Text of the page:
[ Back to EurekAlert! ] Public release date: 14-Aug-2012
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Contact: Allan Chen
a_chen@lbl.gov
510-486-4210
DOE/Lawrence Berkeley National Laboratory

New study finds the US wind power market riding a wave that is likely to crest in 2012

The expiration of key federal incentives could bring that wave crashing down in 2013, despite a significant decline in the cost of wind energy

Facing looming policy uncertainty beyond 2012, the U.S. remained one of the fastest-growing wind power markets in the world in 2011—second only to China—according to a new report released by the U.S. Department of Energy and prepared by Lawrence Berkeley National Laboratory (Berkeley Lab). Roughly 6.8 gigawatts (GW) of new wind power capacity were connected to the U.S. grid in 2011—more than the 5.2 GW built in 2010, but below the 10 GW added in 2009. Driven by the threat of expiring federal incentives, new wind power installations are widely expected to be substantially higher in 2012 than in 2011, and perhaps even in excess of 2009's record build.

Other key findings from the U.S. Department of Energy's "2011 Wind Technologies Market Report" include:

"Wind PPA prices—particularly in the central U.S.—are now approaching previous lows set back in 2003," notes Berkeley Lab Research Scientist and report co-author Mark Bolinger. "But even with today's much lower wind energy prices, wind power still struggles to compete with depressed natural gas and wholesale power prices in many parts of the country."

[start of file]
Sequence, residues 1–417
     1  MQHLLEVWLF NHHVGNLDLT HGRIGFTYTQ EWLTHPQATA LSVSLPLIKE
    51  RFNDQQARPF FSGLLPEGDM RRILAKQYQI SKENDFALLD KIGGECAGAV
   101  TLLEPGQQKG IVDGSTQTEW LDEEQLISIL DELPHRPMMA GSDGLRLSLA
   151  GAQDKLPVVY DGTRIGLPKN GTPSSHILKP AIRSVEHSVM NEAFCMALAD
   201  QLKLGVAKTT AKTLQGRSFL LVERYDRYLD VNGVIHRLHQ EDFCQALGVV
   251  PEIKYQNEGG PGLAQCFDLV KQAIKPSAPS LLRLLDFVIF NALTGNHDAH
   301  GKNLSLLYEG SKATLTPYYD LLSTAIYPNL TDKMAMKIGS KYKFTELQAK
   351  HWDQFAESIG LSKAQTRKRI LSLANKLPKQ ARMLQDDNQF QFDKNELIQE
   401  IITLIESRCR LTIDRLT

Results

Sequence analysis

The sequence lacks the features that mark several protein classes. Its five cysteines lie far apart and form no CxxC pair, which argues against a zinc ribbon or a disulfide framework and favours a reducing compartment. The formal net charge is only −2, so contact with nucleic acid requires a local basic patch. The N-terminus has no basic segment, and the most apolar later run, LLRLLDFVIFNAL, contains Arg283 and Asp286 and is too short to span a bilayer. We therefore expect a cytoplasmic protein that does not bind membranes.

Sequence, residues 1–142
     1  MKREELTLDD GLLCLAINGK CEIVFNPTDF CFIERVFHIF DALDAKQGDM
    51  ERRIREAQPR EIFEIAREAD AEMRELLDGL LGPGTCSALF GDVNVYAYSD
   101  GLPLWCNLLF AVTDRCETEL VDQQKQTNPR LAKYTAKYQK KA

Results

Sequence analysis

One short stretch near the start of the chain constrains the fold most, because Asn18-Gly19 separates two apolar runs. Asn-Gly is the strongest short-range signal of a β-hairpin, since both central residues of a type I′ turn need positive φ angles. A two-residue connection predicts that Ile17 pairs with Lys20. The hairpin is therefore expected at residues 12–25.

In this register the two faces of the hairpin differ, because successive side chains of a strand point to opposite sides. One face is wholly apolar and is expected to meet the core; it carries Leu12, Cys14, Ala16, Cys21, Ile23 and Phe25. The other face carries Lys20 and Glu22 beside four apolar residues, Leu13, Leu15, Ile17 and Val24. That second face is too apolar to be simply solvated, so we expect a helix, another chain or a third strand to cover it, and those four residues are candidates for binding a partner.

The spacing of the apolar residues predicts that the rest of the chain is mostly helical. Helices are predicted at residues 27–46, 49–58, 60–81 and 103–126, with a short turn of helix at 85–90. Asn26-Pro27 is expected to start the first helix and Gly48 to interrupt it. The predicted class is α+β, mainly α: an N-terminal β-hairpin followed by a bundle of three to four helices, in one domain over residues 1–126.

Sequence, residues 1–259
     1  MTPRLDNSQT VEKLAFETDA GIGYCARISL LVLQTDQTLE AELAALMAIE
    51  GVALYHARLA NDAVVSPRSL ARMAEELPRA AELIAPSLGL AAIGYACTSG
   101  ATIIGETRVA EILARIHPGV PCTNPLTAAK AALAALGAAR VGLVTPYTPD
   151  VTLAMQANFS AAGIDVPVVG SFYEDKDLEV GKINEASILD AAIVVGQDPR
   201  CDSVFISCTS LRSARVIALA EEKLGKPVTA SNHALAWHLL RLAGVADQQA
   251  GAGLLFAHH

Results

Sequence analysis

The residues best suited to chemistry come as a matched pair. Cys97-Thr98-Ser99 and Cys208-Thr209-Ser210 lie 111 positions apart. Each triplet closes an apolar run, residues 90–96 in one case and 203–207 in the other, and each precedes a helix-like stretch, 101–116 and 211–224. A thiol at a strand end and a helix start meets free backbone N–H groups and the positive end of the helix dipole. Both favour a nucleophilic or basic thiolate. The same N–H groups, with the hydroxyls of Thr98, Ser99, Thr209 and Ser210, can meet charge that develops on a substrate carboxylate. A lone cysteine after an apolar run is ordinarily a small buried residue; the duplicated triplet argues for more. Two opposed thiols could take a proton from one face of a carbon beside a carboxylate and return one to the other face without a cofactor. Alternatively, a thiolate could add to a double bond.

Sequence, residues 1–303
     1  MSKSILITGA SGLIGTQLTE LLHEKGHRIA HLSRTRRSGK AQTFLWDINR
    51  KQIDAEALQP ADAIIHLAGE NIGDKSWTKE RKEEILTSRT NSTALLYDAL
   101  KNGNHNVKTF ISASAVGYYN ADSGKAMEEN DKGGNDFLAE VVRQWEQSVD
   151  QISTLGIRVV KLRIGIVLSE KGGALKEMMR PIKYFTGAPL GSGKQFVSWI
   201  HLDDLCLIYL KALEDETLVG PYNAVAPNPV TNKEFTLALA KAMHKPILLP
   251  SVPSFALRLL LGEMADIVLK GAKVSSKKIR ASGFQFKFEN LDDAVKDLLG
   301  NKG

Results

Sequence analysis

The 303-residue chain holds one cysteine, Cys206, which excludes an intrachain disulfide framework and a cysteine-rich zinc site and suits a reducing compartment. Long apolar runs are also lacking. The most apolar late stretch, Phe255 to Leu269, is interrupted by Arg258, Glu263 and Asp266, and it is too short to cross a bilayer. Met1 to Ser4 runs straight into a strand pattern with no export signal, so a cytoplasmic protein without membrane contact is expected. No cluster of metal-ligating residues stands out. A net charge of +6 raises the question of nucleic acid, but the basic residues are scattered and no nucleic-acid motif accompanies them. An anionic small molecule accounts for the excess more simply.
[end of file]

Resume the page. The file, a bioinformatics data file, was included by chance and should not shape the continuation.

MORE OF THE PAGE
At the same time, the possible expiration of these incentives at the end of 2012, in concert with continued low natural gas prices, modest electricity demand growth, and existing state policies that are not sufficient to support continued capacity additions at the levels witnessed in recent years, threatens to dramatically slow new builds in 2013 and beyond, despite recent improvements in the cost and performance of wind power technology.

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Berkeley Lab's contributions to this report were funded by the U.S. Department of Energy's Office of Energy Efficiency and Renewable Energy.

Lawrence Berkeley National Laboratory addresses the world's most urgent scientific challenges by advancing sustainable energy, protecting human health, creating new materials, and revealing the origin and fate of the universe. Founded in 1931, Berkeley Lab's scientific expertise has been recognized with 12 Nobel prizes. The University of California manages Berkeley Lab for the U.S. Department of Energy's Office of Science. For more, visit www.lbl.gov.

Additional Information: The full report ("2011 Wind Technologies Market Report"), a presentation slide deck that summarizes the report, and an Excel workbook that contains much of the data presented in the report, can all be downloaded from: http://eetd.lbl.gov/ea/ems/re-pubs.html

The Department of Energy's press release on this study is available at: http://energy.gov/articles/energy-report-us-wind-energy-production-and-manufacturing-surges-supporting-jobs-and



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